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Exclusive: Tariq Nasheed Discusses America’s Racism Issues in Hidden Colors 3


Exclusive: Tariq Nasheed Discusses America’s Racism Issues in Hidden Colors 3

Tariq Nasheed, a New York Times bestseller, is known for teaching men across America how to mack with confidence with his books like “The Art of Mackin'”. But Nasheed has also been on a quest to teach America about race, racism and the things America needs to do to wake up to a crisis that’s been there all along. ShockYa was happy to speak with Nasheed about his upcoming film, “Hidden Colors 3” and his views on what needs to happen to make America a better place for all to live. “Hidden Colors 3,” part of Nasheed’s “Hidden Colors” film series, will be in theaters June 26.

Looks like “Hidden Colors 3” will be an intriguing film. Especially so for me, since I’m from Birmingham and I read that you lived in Birmingham for a while.

Tariq Nasheed: Yeah, I went to high school down there. I went to West End–they don’t have it no more. But yeah, I lived in Birmingham for a while.

I’m sure living here, in the epicenter of the Civil Rights Movement, jump-started your ideas about race and racism.

Tariq Nasheed: Absolutely. When I was living down there in the ’70s and ’80s, there was forced integration and it had its repercussions as well because they were coming up with covert ways to segregate the kids. That’s when they started special education and putting black kids in learning disability classes and putting black kids in behavioral classes. That’s when all of that started. I remember that being very prevalent.

Since we’re talking about “Hidden Colors 3” and racism and discrimination, what was it like to create this film and have talent like Nas, Dick Gregory and Paul Mooney to be a part of it?

Tariq Nasheed: This is the third installment of the “Hidden Colors” series. With the first one, we were really focused on the hidden history because when we look at the History Channel [and] the Discovery Channel, we see a lot of black and African history just simply omitted from the discussion. So I wanted to talk about a lot of things about black history that are never discussed. [Things] that are outside of slavery, because when we discuss black history, usually we just talk about slavery, civil rights and that’s it…The second “Hidden Colors” is talking about the triumph of melanin. We’re talking about the scientific theories and spiritual theories about melanin. We focused on that and we focused on history.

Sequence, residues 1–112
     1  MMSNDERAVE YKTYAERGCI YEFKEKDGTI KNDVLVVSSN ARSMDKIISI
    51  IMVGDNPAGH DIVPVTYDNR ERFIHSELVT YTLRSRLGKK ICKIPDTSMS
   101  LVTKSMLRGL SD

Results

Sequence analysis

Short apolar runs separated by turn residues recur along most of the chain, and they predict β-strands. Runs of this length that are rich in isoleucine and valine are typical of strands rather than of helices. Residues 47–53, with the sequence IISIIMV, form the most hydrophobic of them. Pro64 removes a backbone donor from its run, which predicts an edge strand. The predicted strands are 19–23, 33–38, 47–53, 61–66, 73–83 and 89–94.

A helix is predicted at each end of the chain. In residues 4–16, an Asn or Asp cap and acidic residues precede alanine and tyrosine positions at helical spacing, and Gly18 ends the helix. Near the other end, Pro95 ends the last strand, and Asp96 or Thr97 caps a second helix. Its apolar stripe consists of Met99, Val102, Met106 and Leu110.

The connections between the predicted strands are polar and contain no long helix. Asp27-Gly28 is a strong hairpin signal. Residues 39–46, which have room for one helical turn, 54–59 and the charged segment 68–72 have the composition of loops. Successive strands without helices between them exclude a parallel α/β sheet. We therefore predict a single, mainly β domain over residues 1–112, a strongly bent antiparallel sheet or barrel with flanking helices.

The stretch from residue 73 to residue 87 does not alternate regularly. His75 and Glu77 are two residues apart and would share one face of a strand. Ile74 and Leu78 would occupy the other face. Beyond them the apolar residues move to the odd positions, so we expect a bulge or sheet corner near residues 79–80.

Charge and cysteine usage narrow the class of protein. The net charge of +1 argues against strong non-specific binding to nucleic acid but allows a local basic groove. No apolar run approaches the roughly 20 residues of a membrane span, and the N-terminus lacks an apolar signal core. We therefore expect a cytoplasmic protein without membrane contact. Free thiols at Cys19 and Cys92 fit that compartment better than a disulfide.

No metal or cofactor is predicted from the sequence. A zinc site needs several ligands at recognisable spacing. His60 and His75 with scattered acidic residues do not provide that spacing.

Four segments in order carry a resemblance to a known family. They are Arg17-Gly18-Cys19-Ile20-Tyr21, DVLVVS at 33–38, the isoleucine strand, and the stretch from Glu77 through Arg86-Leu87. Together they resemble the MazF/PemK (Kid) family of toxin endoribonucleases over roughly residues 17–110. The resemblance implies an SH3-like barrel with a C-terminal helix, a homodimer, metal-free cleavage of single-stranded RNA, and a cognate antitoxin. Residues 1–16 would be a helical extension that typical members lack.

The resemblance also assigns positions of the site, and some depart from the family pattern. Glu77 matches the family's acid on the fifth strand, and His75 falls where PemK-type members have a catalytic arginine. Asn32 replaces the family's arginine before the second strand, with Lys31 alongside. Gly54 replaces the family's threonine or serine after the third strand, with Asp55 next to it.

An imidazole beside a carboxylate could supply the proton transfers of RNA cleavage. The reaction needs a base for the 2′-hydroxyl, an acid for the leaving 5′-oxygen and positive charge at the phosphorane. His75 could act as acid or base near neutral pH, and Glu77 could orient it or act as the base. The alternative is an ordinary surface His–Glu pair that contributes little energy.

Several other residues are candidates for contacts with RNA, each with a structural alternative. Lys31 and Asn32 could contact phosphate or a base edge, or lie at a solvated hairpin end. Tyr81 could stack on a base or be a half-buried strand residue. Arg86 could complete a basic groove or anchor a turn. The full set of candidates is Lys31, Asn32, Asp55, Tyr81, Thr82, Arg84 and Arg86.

Now this installment, “Hidden Colors 3” will focus on racism in America and some of the unwritten rules of racism within the dominant society. In this country, we talk about how we need to discuss race, but we never have a real dialogue about racism and race in America at all. With this film, I want it to be that dialogue.

We’ve had the Trayvon Martin ordeal, the recent mess with Donald Sterling, and more stuff within the past two years. How do you think America has grown–if at all–in how it deals with race relations?

Tariq Nasheed: We haven’t grown as far as race relations. We haven’t grown at all. When it comes to race relations, we go in this big circle. We start off one way, we say we want to make changes and then we wind up going back to square one. [It’s] just like in the 1950s, when we wanted schools to be better, we wanted to stop segregated schools, the whole “separate but equal” thing. We made this big brouhaha and we had the civil rights struggle and we got some temporary gains, but now, we’re back at square one. The schools are just as segregated as they were in the 1950s. Now, what happened is that you have kids in the dominant society being taken to charter schools, private schools, you have gentrification going on, so we are literally back at square one. And, a lot of the black people are worse off than they were in the 1940s and ’50s because now we don’t even have an economic base, whereas we had that in the 1950s. We had black businesses, black banks, black insurance companies, but we don’t even have that any more. We are almost in a worse off position and we don’t understand the rules of racism, so that’s why we have to understand that racism is not just about someone hating you or someone not liking you, but are resources now being distributed to the dominant society. We have to understand that from that perspective.

What was it like to get insight from Nas, Gregory and Mooney?

Tariq Nasheed: Nas is a deep guy. Nas is my buddy. He’s always been a deep rapper. He’s the best–some would say he’s the best rapper who ever touched the mic. When I wanted to get people in the film, I wanted to get the most thorough people I could find, so Nas has been a very conscious guy. And then we have the legendary Paul Mooney, who has always kept it 110 [percent] when it comes to race relations. Paul brings the heat…I had to pull Paul back a lot because Paul goes all the way there, so I had to reel him in on some of the footage, but Paul is very thorough. He’s not afraid to talk about race realistically. Then we have the legendary Dick Gregory, another scholar-warrior who is not afraid to talk about race realistically.